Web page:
NH Delegation Letter Calls for Focus on Potential Connection of PFAS Exposure and Pediatric Cancer
LETTER FROM SHAHEEN, HASSAN, SHEA-PORTER & KUSTER: “New Hampshire parents are extremely concerned about what exposure to PFAS chemicals means for the health and safety of their children”
Manchester, NH, October 19, 2018
(Manchester, NH)—Today, U.S. Senator Jeanne Shaheen (D-NH) and Maggie Hassan (D-NH), and Congresswomen Carol Shea-Porter (NH-01) and Annie Kuster (NH-02), sent a letter to the National Institute of Environmental Health Sciences (NIEHS) calling on the federal agency to focus research efforts on the potential connection between per- and polyfluoroalkyl substances (PFAS) exposure and pediatric cancer. Their letter follows a Senate Committee hearing in September in which the Director of NIEHS, Linda Birnbaum, testified that the agency had yet to investigate potential links between pediatric cancer and exposure to PFAS. A report released in June from the Centers for Disease Control and Prevention (CDC) indicated that between 2003 and 2014, New Hampshire had the highest pediatric cancer rate in the country—with 205 pediatric cancer cases per 1,000,000 in the population.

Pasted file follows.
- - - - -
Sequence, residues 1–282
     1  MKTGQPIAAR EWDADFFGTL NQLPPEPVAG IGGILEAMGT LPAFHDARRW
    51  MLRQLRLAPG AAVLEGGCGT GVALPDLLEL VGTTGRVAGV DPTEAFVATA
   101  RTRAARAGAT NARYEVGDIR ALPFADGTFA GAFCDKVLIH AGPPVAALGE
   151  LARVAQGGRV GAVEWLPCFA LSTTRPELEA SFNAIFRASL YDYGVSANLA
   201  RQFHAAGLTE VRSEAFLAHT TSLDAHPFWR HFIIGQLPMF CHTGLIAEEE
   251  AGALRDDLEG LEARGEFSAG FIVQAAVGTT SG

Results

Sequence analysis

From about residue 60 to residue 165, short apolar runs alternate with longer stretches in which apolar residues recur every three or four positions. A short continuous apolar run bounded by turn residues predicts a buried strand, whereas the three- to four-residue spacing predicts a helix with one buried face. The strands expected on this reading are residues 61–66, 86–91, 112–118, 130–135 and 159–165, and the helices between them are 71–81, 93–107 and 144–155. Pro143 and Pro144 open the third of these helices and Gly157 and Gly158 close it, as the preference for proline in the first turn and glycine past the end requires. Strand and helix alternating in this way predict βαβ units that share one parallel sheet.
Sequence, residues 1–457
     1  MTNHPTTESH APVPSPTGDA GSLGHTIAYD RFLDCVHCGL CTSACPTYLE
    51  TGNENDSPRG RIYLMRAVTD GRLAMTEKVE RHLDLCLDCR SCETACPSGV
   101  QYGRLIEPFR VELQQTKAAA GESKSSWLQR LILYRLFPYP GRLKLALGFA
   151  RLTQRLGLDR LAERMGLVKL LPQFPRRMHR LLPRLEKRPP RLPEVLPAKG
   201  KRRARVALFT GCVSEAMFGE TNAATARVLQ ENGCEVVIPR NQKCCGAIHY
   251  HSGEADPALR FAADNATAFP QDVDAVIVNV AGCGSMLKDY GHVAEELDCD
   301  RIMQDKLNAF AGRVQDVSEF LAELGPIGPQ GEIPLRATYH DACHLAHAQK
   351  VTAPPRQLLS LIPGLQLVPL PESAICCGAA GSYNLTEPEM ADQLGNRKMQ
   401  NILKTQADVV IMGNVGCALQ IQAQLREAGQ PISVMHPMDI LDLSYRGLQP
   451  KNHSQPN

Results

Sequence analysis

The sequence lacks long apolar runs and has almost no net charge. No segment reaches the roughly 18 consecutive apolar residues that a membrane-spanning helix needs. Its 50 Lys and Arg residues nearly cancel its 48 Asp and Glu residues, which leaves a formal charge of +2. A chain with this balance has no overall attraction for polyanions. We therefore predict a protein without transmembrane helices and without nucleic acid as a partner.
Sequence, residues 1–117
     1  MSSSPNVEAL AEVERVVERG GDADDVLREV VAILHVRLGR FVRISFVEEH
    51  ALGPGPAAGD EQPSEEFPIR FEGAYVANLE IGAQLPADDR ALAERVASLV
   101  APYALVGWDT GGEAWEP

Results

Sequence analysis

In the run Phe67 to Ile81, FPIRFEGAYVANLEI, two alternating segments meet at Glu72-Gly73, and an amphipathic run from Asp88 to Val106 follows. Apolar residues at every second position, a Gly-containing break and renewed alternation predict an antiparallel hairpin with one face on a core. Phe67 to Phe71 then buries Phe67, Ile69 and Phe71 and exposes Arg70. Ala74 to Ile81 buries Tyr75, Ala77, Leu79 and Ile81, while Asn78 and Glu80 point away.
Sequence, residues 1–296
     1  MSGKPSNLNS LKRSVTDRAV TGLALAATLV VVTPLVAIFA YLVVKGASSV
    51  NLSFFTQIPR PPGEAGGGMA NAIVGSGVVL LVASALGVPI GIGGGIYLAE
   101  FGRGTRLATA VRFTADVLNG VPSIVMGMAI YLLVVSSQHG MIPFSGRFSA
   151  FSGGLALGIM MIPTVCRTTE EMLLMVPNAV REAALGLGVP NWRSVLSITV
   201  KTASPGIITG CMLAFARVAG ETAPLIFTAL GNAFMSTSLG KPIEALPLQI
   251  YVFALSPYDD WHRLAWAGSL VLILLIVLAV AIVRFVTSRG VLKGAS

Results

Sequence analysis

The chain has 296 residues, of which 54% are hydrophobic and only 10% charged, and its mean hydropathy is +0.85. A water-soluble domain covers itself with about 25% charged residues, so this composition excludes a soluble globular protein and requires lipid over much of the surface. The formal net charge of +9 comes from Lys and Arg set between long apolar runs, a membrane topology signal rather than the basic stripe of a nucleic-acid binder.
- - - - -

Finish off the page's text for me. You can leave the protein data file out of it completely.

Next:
The Delegation’s letter reads in part, “we request that NIEHS ensure that studies investigating the negative associations between pediatric PFAS exposure and immune function include a focus on the chemicals’ connection with pediatric cancer. We also urge you to explore whether variations in pediatric cancers found in New Hampshire are tied to PFAS…”
The letter continues, “New Hampshire parents are extremely concerned about what exposure to PFAS chemicals means for the health and safety of their children. As this administration moves forward with the nationwide health study on PFAS, we urge NIEHS to work with relevant environmental and health agencies to determine whether environmental contamination from this family of chemicals is a contributing factor to incidences of pediatric cancer found in New Hampshire and across the nation.”
This letter can be read in full here.